Even the way the tribe bonded is pretty unique. They’re very clearly monsters, especially when they’re feeding and they have no remorse for their prey, nor do they seek out evil people. They go after average jerks just hanging out on the beach or just people who piss them off. That’s not to say that they don’t care about anything and that their bloodlust is the only thing that matters, however. At one point when they lose one of their members, they absolutely give a shit about that. The fact that it not only pisses them off but it shows David kind of mourning his loss in a subtle way, gives this a sense of family, which isn’t an accident. It gives David a depth that he didn’t really require but makes the movie and the antagonist so much better for it.
And finally, before we get to the end here, I have to put in a word about the soundtrack. Normally music is just kind of set dressing and unless it has a killer theme or a particular song that is meant to be highlighted for whatever reason, it’s just there. Most of the time, the soundtrack isn’t even something you notice that much. This one, however, I feel like has almost an iconic feel. It really captures the setting so well that just hearing the songs, I can not only recall the moment I heard it in the film, but I can almost feel like I was there too. The whole soundtrack really embodies the feeling of that late summer night on a midway that is filled with people screaming on rides, the smell of greasy food and booths that are very eager to part you from your money. But with that said, let’s get to our weekly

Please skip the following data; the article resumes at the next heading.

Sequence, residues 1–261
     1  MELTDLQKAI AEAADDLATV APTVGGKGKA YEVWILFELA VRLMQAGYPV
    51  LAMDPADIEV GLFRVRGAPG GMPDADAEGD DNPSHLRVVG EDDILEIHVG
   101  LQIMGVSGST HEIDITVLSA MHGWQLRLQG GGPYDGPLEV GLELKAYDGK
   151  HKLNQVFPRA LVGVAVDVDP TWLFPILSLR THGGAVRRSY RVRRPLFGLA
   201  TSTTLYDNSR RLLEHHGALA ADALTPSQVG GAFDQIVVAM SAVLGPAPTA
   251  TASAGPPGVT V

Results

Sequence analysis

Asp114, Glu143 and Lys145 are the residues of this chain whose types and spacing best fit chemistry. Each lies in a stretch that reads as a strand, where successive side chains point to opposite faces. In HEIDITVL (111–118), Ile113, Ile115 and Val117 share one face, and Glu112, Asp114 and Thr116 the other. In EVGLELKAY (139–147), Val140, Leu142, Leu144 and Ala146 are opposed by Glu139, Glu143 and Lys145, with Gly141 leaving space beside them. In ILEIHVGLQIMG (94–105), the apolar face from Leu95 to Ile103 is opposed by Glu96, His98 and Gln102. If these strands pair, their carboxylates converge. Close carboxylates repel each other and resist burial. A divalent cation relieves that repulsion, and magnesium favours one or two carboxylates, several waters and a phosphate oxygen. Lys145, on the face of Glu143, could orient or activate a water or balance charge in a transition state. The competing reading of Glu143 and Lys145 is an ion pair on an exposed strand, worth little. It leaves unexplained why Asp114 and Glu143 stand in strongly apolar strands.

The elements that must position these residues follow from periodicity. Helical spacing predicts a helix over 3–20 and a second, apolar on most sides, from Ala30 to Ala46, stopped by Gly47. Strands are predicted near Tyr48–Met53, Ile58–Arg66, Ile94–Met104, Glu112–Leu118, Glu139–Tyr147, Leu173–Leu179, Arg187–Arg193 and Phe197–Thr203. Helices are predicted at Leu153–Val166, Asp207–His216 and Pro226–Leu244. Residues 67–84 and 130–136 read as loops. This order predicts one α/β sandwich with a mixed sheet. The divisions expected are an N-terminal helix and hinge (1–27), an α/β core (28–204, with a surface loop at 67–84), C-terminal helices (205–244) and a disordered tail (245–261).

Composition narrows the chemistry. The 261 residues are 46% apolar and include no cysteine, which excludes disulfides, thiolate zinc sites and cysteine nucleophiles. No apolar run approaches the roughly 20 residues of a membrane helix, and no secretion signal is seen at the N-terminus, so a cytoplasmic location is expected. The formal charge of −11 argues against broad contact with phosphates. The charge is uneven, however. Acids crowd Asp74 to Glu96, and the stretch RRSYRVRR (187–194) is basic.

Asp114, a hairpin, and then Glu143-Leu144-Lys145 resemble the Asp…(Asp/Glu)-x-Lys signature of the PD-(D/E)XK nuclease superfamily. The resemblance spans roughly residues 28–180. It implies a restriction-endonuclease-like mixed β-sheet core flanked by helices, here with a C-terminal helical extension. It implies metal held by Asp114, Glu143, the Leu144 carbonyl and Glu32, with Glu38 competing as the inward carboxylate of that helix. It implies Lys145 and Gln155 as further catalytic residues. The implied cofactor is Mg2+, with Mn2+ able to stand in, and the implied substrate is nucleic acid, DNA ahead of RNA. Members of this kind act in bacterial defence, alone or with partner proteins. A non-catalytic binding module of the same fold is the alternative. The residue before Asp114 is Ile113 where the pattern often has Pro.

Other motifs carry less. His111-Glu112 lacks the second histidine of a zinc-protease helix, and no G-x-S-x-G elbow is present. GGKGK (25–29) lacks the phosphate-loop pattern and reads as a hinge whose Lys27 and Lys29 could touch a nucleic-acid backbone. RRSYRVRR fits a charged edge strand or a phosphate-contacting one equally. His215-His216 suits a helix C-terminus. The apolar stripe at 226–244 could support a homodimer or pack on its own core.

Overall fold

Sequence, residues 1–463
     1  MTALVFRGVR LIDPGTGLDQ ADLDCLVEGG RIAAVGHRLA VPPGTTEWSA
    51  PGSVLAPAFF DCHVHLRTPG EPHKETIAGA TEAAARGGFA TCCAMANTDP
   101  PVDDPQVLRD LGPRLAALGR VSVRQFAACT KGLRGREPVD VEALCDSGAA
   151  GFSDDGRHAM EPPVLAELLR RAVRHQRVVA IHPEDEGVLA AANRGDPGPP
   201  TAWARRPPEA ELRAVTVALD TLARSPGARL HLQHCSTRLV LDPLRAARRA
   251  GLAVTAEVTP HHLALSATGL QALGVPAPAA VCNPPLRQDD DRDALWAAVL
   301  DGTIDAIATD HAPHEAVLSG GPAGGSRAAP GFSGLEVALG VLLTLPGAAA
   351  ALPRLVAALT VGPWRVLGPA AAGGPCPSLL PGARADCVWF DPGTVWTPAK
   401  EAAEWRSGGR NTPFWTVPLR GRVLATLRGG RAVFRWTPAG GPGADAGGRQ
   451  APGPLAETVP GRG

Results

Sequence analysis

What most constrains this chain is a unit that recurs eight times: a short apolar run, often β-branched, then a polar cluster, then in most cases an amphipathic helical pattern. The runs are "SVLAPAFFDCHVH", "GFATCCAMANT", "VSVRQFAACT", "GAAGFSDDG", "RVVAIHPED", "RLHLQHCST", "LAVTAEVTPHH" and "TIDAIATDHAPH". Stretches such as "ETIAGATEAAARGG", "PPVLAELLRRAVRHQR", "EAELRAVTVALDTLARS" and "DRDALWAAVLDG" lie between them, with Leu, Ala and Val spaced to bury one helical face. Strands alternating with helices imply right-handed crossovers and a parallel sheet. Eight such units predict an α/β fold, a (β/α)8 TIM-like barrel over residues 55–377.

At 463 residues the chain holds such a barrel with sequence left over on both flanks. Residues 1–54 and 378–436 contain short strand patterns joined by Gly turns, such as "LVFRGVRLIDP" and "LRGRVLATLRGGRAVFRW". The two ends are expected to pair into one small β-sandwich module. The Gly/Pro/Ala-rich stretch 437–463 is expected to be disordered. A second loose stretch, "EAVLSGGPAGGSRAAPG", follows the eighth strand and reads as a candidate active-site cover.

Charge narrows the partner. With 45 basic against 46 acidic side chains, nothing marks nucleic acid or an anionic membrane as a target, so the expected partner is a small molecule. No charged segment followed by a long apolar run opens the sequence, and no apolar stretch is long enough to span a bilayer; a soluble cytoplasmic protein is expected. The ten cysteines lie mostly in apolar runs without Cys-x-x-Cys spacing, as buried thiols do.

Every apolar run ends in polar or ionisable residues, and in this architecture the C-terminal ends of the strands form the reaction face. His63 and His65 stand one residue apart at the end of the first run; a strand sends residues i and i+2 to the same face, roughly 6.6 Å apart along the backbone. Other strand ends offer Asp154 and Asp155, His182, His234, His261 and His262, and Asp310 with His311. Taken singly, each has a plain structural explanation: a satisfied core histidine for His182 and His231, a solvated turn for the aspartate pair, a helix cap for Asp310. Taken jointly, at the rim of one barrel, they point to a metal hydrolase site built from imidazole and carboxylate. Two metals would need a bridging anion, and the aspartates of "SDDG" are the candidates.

Food: I mentioned the grease factor there and this film really does have some great midway visuals, so why not celebration that a loaded hot dog or some incredible loaded fries that will be guaranteed to give you heartburn? Other things that I highly suggest are things like cotton candy and mini donuts. Indulge in the carnival foods and don’t forget the Pepto if you’re my age. Trust me, it’s all fun until you realize several hours later that grease no longer agrees with you.